If you’re happy with doing that, have a look at this page which has a list of ‘human interest’ documentaries – largely taken from UK TV.
7 Seconds is a stunning documentary on densely amnesic patients Clive Wearing who has been the subject of some ground-breaking research on the neuropsychology of memory, but also inspires some profound thoughts on identity and remembering.
The Real Rainman, My Family and Autism and Make me Normal profile a number of remarkable individuals with autism, and Teenage Tourettes Camp is a compelling documentary on some UK children with Tourette syndrome who go to a camp in the USA especially for children affected by the disorder (it is both touching and wickedly funny in places).
Another page with documentaries from the Horizon series, includes The Man Who Lost His Body, a documentary about a man who loses his sense of proprioception – the ability to sense where your limbs are, and God on the Brain which contains a memorable scene where Michael Persinger attempts to give Richard Dawkins a religious experience by stimulating his temporal lobes with magnetic fields.
Get them while they’re online, as the site probably won’t stay up for long!
Link to ‘people’ documentaries.
Link to Horizon documentaries.
Issue 11 of Encephalon psychology and neuroscience writing carnival has arrived, hosted by the ever-capable Mouse Trap blog.
If you want to know the cognitive benefits of turning down the car radio when you’re lost, how science is progressing on a possible immunization for Alzheimer’s disease, or any number of exciting updates on the fast moving world of cognitive science, head on over and see what catches your eye.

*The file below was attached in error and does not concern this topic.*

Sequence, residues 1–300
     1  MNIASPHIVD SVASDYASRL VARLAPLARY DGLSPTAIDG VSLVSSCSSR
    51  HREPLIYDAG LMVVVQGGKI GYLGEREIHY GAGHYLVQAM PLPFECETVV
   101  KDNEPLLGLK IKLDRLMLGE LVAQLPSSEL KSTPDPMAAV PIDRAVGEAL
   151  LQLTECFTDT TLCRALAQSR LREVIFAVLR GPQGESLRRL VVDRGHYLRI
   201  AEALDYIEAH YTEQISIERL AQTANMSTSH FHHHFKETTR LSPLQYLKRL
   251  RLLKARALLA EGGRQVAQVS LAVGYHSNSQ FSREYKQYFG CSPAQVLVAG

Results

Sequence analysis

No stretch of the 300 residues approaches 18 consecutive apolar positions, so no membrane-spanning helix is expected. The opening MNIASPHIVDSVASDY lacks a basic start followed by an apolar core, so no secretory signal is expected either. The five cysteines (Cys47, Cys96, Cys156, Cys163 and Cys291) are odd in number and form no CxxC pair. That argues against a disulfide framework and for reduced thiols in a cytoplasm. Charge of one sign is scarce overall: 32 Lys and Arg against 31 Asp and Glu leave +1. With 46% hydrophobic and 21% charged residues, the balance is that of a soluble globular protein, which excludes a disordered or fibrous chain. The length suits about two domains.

Link to Issue 11 of Encephalon.
A list of delusions taken from the psychiatric literature that don’t seem that delusional when you think about them:
“The earth is doomed”
– Patient with Alzheimer’s reported by Sultzer et al. (2003)
“Bill Gates is destroying my files and spying on me”
– 32 year old patient reported by Podoll et al. (2000)
“A local gang is going to mug me”
– South London patient reported by Freeman et al. (2001)
“I drove two people mad when I was 11 to 14 years old”
– Patient from a study by Rhodes and Jakes (2000)
“My thoughts are being controlled by TV newscasters”
– Inpatient reported by Noffsinger and Saleh (2000)
To quote Salvidor Dali “The only difference between me and a madman is that I’m not mad”.